Will you go bankrupt before Social Security?

by John Quiggin on February 3, 2005

In his push for Social Security privatization choicepersonal accounts abolition, George Bush is raising the prospect that, some time around 2050, Social Security will go bankrupt. This claim has been refuted quite a few times, so let me raise a different answer.

If you’re a young working-age American, don’t routinely pay your credit card balance(s) down to zero each month, and don’t have top-flight health insurance, it’s odds-on, based on recent experience[1] that you’ll go bankrupt at some point.

About two million people, or one per cent of the working-age population[2], go bankrupt every year, a number that has risen dramatically in recent years. So, given about 50 years in the working-age bracket[3], and ignoring multiple bankruptcies, it’s almost exactly even money that a given person will go bankrupt. But, not surprisingly, the risk isn’t evenly distributed. The two major causes of personal bankruptcy are health crises and credit card debt.

Looking at credit cards, the population is about evenly divided between those who pay off their balance every month, and therefore get almost-free credit, and those who run balances, pay interest and keep the card companies in business. Assuming that the two groups are fairly stable, as appears to be the case the risk of credit-driven bankruptcy is fairly low for the first group, and these are also likely to have safer jobs and better health insurance. In fact, one way of viewing the credit card business is that it needs to extract as much interest as possible from members of the second group before their highly probable resort to bankruptcy.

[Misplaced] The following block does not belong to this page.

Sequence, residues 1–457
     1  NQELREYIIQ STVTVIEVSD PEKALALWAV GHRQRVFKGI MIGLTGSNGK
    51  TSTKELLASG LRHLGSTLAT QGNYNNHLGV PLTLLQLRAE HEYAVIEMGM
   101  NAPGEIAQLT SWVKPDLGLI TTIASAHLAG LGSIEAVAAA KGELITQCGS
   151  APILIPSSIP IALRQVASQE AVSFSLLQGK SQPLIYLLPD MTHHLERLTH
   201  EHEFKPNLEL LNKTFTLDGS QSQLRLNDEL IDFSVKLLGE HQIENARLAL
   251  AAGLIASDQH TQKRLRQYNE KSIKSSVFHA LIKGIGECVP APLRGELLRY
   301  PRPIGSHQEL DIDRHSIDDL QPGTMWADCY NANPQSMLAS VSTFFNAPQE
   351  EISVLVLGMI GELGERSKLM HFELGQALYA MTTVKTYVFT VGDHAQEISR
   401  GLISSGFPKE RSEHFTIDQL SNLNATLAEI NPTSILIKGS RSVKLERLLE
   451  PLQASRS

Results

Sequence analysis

As I’ve mentioned previously, bankruptcy is now more common than divorce. But because bankruptcy has risen so fast, the number of people who’ve experienced it is much smaller than the number who’ve been divorced. The stigma that was associated with bankruptcy is already declining, and it’s now a private financial issue rather than the public disgrace it once was. By the time Social Security supposedly goes bankrupt in 2050, Uncle Sam will merely be joining the majority of his constituents.

fn1. Of course, if a trend can’t be sustained, it won’t be. But there’s no obvious reason why the current upward trend in bankruptcy should halt, let alone be reversed. So it seems reasonable to assume that the current rate of bankruptcy will at least be maintained in future.

fn2. Children can’t go bankrupt. Retired people can, but bankruptcy rates are fairly low for this group, and are likely to stay low as long as Social Security exists.

fn3. Normally 15-64, but for the purposes of this post, 20-69 fits a bit better.

{ 27 comments }

1

des von bladet 02.03.05 at 12:13 pm

The two major causes of personal bankruptcy are health crises and credit card debt.
[emphasis added, link lost]

Blimey! I knew this Free and Democratic Republic was an Chinese-curse-interesting place to live, but this is really quite extraordinary.

We look forward to an especially rousing chorus of Libertoonian heckling on this one, for sure.

2

Andrew Boucher 02.03.05 at 12:21 pm

Of course there’s little equivalence in the two. When a private person goes bankrupt his lender should normally have factored that into the rate he was charging – in effect, it’s an implicit tax on every other borrower. So theoretically anyway, the lender – if reasonably diversified – does not lose money; he’s being compensated.

If Social Security goes bankrupt, then those who should be getting checks will get nothing. One could say that this is the retired person’s fault – he or she should have diversified to take into account the risk. Of course, that is possible for wealthy people, less so for the poor.

3

Jane Galt 02.03.05 at 12:23 pm

Last time I looked, the two major causes of bankruptcy were health crises and divorce. Credit card debt is apparently a pretty minor contributor.

4